When designing this lens Olympus truly hit a home run! First off they built it to withstand just about anything you can throw at it. This lens is Dust Proof, Splash Proof, and Freeze Proof! When you couple that with the Olympus E-M1 or New E-M5 Mark ll you have a system that can handle all of the elements! It comes in the sleek black design that you would expect form the Olympus Pro Line. The lens itself is made completely of metal and feels very solid. I won't intentionally test this but I'm sure it can handle being banged around a bit. It weighs 1.94 lbs which isn't exactly light when you think of Micro 4/3 gear but when you consider it's' DSLR counterpart a 70-200 2.8 which weighs 3.375 lbs it's considerably lighter. Not to mention that the 40-150 has the 35mm equivalent focal length of 80-300mm so you are not only lighter then the equivalent lens on a Full Frame sensor you are also getting a bit more reach on the long end. It comes with a tripod collar like you would expect which can be rotated for portrait or landscape shooting without removing it from a tripod. It can also be removed if you have the desire to do so. It also comes with a pretty slick lens hood! The hood is made a high grade solid plastic and attaches to the lens with a quick release ring but unlike other lens hoods it is not reversible for storage. Instead Olympus designed it to be collapsible so with the twist of the ring on the hood it simply slides back rather then having to remove it and reverse for storage. To extend it you just pull it out until it locks into position. It too can be removed if you choose to do so. Overall this lens is built to last.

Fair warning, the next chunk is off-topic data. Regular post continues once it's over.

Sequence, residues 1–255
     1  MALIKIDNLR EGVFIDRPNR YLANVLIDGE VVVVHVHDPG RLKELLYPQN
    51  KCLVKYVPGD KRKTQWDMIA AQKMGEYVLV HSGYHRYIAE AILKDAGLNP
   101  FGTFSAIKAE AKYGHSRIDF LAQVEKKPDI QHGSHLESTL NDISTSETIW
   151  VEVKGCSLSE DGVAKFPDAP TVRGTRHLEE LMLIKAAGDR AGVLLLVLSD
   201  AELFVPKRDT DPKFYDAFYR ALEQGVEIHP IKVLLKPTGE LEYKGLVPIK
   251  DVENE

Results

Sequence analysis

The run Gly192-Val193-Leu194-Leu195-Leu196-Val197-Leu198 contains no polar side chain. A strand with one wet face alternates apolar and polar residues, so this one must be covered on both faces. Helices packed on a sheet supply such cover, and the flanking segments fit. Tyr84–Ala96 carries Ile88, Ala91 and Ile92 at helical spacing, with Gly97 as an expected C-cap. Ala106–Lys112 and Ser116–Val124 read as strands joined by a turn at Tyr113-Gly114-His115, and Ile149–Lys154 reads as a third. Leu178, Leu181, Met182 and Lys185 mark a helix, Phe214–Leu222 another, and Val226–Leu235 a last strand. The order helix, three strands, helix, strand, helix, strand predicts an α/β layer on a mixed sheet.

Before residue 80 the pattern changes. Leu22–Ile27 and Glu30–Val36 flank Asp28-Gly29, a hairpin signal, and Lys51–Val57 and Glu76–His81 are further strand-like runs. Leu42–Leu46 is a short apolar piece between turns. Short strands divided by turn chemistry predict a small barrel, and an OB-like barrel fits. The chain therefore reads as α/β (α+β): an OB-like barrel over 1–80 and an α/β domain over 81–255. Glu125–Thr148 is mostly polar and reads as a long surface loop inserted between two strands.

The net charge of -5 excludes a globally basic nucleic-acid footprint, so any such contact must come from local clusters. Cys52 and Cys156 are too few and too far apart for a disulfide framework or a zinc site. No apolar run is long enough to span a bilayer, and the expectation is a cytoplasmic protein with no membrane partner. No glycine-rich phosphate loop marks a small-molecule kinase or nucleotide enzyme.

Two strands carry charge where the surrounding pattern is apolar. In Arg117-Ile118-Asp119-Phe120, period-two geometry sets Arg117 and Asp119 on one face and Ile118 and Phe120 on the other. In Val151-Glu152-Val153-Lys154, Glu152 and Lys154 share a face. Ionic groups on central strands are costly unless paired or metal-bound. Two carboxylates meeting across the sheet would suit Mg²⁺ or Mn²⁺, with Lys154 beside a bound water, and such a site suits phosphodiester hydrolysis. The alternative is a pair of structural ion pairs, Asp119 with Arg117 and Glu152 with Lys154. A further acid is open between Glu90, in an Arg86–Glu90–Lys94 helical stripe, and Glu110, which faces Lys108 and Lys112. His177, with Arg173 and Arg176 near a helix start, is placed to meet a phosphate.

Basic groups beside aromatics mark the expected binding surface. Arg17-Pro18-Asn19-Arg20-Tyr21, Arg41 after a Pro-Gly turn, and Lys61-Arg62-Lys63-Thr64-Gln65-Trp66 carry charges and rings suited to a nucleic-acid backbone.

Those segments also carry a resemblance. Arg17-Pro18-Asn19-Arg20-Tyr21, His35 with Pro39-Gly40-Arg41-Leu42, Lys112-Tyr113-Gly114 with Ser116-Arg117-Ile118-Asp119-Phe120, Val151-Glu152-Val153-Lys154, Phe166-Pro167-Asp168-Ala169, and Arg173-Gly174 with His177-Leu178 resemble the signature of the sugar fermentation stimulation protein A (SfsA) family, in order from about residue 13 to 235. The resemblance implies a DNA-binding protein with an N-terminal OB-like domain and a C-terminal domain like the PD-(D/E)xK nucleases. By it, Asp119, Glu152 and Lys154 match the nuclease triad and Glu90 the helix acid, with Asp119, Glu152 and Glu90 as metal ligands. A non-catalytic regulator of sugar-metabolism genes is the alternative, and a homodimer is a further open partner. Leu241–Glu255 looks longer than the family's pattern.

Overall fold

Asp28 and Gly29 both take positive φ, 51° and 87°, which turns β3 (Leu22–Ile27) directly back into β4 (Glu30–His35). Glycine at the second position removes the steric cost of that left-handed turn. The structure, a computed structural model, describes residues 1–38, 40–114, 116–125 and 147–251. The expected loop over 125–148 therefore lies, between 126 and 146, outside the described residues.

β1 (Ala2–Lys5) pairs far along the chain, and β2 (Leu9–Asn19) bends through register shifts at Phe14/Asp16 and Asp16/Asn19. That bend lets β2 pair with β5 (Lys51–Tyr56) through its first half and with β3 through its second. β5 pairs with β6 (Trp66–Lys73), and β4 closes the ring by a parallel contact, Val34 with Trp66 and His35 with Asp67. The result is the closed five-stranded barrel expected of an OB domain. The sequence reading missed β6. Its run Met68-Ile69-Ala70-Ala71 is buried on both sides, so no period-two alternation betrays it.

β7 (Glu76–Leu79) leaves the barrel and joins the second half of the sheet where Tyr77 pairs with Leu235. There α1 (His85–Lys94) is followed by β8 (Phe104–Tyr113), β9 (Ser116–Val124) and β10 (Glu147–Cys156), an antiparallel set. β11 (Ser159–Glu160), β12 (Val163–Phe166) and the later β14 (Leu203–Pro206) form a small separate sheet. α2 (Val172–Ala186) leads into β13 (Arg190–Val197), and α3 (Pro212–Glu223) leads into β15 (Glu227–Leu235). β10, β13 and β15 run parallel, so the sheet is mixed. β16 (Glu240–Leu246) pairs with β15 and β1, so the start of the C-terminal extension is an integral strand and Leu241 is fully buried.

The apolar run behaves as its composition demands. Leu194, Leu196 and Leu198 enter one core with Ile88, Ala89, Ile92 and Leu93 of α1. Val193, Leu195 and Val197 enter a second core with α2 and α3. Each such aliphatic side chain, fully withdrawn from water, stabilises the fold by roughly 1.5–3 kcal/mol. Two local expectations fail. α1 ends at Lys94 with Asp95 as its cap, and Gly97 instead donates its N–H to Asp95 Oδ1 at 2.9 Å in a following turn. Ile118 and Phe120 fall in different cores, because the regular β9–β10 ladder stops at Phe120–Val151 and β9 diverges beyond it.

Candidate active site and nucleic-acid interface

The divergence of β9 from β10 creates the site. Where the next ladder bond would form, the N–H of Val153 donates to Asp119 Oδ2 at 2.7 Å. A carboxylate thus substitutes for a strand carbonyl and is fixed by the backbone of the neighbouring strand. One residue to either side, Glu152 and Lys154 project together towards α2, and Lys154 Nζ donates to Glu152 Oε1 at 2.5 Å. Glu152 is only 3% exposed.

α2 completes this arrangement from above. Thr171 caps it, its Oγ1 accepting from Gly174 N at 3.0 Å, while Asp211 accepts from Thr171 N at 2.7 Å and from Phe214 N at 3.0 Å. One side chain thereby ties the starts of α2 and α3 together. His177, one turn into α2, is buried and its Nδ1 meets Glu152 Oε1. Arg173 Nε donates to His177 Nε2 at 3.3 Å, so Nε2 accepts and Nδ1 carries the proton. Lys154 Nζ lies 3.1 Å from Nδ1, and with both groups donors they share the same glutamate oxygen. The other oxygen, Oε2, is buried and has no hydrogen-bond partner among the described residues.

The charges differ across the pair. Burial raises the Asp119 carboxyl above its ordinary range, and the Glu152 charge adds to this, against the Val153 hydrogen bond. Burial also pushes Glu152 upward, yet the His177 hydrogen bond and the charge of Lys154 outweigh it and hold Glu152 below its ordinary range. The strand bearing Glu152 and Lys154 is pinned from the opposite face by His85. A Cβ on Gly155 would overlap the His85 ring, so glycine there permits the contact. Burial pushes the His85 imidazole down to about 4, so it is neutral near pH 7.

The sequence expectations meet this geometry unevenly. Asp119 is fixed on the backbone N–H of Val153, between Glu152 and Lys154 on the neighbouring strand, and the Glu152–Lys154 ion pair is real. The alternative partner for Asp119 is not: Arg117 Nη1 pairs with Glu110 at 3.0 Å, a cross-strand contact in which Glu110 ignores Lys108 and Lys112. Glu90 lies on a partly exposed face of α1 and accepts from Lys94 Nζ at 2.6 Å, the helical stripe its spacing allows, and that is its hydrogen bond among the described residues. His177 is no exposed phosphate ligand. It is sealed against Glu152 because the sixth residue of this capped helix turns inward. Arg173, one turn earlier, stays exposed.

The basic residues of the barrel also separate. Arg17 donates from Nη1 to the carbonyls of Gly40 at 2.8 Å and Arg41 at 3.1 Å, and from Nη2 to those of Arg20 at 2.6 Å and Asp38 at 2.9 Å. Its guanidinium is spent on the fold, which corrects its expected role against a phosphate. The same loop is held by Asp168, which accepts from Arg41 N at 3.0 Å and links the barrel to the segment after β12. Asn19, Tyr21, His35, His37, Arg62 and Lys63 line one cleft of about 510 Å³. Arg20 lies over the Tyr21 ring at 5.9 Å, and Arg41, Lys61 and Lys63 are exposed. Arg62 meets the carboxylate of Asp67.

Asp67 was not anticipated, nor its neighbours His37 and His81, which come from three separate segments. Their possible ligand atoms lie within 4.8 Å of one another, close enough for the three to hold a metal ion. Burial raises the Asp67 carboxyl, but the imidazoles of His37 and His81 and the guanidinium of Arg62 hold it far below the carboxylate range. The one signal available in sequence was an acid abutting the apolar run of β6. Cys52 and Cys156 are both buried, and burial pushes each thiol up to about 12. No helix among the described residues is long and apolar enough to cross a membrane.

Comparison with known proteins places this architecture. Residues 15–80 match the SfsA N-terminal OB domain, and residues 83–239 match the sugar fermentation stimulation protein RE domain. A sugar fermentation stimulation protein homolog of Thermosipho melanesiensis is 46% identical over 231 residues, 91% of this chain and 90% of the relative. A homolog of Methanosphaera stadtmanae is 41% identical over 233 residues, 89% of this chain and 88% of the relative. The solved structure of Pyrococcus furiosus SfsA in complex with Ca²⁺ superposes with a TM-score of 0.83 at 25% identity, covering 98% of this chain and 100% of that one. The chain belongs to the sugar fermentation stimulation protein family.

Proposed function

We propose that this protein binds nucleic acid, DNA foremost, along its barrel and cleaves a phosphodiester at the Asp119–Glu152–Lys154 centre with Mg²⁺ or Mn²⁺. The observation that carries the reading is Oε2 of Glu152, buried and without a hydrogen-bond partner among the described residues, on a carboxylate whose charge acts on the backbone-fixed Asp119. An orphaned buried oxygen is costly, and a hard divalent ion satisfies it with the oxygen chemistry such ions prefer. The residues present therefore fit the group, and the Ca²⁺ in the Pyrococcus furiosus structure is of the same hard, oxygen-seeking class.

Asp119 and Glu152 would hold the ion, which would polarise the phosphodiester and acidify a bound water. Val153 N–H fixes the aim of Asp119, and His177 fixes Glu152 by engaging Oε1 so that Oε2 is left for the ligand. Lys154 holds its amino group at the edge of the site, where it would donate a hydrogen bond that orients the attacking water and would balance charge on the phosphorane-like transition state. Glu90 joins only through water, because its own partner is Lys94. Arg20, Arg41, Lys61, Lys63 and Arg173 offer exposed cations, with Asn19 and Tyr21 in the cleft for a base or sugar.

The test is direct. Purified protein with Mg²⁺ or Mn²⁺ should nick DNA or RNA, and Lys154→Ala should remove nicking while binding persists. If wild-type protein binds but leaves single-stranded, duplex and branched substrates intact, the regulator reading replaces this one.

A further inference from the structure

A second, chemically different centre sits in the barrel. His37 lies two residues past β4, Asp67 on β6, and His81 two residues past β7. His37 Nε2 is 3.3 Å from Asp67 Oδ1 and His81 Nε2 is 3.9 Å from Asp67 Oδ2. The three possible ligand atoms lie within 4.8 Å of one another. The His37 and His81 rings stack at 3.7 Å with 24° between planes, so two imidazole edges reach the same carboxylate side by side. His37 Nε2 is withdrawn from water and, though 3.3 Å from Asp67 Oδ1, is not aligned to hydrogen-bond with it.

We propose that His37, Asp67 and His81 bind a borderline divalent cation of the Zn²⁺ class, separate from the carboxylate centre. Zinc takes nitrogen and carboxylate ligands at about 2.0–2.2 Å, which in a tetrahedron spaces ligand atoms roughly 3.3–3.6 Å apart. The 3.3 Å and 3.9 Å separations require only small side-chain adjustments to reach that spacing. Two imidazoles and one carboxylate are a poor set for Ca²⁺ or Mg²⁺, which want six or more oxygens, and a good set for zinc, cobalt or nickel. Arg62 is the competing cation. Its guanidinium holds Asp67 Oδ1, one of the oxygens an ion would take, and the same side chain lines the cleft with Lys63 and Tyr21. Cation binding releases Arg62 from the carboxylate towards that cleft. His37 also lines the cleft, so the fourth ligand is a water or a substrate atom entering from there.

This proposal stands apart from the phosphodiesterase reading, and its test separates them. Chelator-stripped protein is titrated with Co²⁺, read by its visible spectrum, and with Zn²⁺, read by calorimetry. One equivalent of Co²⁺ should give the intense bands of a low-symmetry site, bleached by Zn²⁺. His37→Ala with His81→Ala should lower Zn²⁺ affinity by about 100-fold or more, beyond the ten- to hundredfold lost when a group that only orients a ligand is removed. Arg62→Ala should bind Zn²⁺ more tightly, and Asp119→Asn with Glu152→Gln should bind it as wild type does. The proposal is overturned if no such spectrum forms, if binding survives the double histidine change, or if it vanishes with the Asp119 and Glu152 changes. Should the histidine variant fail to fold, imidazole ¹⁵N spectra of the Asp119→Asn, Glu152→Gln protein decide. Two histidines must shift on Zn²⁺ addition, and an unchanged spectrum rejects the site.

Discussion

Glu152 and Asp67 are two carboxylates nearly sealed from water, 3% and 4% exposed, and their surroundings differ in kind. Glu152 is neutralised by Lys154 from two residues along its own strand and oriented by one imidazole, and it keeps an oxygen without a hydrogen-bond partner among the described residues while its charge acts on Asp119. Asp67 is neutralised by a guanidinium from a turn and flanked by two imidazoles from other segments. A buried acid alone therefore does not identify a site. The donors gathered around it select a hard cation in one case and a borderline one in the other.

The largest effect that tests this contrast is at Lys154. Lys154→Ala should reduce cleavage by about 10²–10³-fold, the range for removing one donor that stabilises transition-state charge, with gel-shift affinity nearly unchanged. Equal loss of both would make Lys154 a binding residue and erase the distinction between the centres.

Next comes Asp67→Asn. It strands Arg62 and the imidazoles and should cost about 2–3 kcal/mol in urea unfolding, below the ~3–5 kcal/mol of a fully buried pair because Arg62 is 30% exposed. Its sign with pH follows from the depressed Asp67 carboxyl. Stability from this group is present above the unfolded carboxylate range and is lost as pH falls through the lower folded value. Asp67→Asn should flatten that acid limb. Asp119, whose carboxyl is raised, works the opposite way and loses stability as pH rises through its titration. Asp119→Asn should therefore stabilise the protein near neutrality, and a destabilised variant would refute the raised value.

The focus ring has a built in slide clutch so you can switch between auto and manual focus quickly and easily. When the ring is in the forward position the lens will autofocus to whatever auto focus mode you have your camera setup to. When you slide it to the back position it reveals a distance scale and you can instantly use manual focus. This lens also has an internal zoom and internal focus system so the lens never gets any larger then it comes out of the box. Some people will really love that feature since this is the largest lens in the Olympus Micro 4/3 system. I find the auto focusing to be extremely quiet, fast, and accurate. In good light it will focus almost instantaneously even when zooming from front to back. In lower light conditions I found that it is slightly slower and will hunt a bit but it's nothing to worry about. One surprise with this lens was the minimum focusing distance. Unlike most lenses in this focal length range it has a close focusing distance of 27.55 inches which gives it a bit more versatility. It's not quite in the macro class but it can be used to capture very close up shots of flowers and other fun subjects you may come across while out shooting!